The Cuban government has launched a program that will see mobile internet rolled out nationwide by the end of the year. Communist-run Cuba is one of the least connected countries in the Western Hemisphere due to a lack of resources, the US trade embargo and the government's low-tolerance approach to public dissidence, but new President Miguel Diaz-Canel says greater internet access will help to boost the economy and help Cubans "defend their revolution."
Journalists at state-run news outlets are among the first to get mobile internet -- which has been provided by Cuba's telecoms monopoly ETECSA -- while some customers, such as companies and embassies, have been able to purchase mobile data plans since December. ETECSA says connectivity will be expanded to all of its five million customers by the end of this year.
Analysts say the move, which has not been broadly publicized, could weaken the government's control on the information that reaches the country's citizens -- until now they have been largely dependent on the island's one-party state media. However, President Miguel Diaz-Canel, who took office in April, has long championed expanded connectivity. Speaking to parliament last July, he said, "We need to be able to put the content of the revolution online," adding that Cubans would then be better equipped to "counter the avalanche of pseudo-cultural, banal and vulgar content."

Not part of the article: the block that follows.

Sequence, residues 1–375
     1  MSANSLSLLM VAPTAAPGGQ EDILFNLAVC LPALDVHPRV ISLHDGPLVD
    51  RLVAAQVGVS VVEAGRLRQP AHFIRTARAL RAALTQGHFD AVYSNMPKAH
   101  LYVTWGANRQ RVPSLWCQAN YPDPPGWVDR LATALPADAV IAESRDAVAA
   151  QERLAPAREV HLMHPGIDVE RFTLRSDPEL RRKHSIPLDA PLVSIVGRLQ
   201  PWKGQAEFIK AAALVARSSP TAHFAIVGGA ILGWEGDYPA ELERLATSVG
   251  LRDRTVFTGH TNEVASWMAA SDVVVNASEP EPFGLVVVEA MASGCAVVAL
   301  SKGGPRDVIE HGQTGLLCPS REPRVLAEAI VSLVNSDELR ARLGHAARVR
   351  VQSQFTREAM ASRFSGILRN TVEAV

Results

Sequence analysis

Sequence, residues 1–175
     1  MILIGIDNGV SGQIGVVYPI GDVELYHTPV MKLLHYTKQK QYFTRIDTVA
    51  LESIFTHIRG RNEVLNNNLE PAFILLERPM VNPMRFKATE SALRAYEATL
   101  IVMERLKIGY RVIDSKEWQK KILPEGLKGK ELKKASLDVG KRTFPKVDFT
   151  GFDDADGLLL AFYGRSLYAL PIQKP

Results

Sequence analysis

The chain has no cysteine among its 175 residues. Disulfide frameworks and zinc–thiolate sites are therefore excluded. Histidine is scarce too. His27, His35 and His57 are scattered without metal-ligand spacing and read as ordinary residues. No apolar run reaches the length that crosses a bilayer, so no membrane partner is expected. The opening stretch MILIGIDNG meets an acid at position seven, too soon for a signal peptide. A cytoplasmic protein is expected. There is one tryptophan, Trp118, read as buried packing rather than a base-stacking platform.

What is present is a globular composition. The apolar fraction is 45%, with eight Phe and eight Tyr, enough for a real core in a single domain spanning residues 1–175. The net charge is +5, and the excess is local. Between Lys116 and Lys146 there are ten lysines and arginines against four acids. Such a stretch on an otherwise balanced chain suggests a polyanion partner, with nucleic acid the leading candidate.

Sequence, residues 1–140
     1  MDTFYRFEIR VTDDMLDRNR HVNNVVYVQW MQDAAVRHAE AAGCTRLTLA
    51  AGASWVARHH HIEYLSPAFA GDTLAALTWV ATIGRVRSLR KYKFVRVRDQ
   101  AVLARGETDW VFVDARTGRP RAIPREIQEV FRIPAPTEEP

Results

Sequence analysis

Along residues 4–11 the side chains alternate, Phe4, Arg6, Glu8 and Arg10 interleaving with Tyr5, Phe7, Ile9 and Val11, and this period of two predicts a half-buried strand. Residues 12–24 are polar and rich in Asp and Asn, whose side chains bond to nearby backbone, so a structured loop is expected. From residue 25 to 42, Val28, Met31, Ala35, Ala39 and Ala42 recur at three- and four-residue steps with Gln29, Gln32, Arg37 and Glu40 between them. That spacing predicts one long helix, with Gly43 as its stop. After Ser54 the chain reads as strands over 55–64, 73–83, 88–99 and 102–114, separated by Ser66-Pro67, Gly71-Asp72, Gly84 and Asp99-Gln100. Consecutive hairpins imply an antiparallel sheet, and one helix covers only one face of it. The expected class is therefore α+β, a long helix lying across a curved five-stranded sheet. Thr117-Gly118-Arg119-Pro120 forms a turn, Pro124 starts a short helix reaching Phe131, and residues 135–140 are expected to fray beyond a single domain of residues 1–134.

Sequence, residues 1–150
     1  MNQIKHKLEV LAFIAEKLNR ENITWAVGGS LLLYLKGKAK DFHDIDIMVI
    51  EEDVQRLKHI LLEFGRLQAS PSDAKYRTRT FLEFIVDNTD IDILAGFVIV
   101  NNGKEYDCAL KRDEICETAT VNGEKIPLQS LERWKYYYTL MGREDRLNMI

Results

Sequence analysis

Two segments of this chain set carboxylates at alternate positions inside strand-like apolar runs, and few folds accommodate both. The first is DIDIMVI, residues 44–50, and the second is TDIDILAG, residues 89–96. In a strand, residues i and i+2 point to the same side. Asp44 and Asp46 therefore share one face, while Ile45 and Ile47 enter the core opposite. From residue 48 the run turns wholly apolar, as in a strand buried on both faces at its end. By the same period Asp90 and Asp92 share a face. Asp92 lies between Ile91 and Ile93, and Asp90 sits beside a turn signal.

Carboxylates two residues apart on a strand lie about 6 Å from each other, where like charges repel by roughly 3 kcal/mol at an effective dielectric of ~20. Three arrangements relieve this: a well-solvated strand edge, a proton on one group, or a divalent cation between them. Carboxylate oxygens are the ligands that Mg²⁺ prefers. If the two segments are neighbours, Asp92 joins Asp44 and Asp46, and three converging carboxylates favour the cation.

Of course, just because mobile internet will be available doesn't mean it'll be accessible to everyone. WiFi hotspots in the country currently charge around $1 an hour -- a significant sum against the average monthly state wage of $30. It's not clear what costs will be involved in the proposed mobile internet, but ETECSA is currently charging companies and embassies $45 a month for just four gigabytes.